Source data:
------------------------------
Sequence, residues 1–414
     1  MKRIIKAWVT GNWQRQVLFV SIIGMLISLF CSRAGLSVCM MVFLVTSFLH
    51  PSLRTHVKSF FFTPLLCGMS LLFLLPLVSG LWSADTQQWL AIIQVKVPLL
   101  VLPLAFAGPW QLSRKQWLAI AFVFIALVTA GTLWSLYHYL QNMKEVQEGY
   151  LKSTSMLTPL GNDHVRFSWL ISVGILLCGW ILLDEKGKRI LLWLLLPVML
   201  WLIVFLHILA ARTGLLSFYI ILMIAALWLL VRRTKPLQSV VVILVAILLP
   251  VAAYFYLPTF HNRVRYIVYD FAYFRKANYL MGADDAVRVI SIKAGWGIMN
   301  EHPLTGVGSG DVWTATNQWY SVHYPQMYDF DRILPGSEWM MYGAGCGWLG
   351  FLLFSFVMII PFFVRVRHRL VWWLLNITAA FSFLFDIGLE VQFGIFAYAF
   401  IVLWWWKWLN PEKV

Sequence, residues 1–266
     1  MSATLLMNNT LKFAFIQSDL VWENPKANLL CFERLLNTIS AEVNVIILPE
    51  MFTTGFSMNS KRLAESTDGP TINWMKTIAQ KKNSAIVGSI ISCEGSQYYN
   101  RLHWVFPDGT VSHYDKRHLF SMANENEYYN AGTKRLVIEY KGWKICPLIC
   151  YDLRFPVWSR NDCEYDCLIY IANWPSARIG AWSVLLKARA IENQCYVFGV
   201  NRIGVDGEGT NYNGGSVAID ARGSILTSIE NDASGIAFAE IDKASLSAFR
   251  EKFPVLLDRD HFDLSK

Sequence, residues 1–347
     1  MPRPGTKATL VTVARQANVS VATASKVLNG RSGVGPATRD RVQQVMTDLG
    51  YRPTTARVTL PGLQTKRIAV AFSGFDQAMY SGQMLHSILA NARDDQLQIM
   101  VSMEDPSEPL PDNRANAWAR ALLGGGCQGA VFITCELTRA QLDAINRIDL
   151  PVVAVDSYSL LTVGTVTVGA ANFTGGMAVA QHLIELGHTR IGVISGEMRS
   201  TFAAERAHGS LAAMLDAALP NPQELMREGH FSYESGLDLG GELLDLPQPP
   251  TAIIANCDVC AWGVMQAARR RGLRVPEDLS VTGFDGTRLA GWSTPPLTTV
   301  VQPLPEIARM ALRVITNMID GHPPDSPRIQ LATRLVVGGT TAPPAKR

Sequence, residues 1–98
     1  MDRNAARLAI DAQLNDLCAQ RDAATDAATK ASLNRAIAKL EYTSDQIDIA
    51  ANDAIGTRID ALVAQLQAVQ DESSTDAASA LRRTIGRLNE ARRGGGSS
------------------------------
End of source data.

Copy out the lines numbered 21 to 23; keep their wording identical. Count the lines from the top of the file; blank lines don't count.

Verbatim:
   101  VSMEDPSEPL PDNRANAWAR ALLGGGCQGA VFITCELTRA QLDAINRIDL
   151  PVVAVDSYSL LTVGTVTVGA ANFTGGMAVA QHLIELGHTR IGVISGEMRS
   201  TFAAERAHGS LAAMLDAALP NPQELMREGH FSYESGLDLG GELLDLPQPP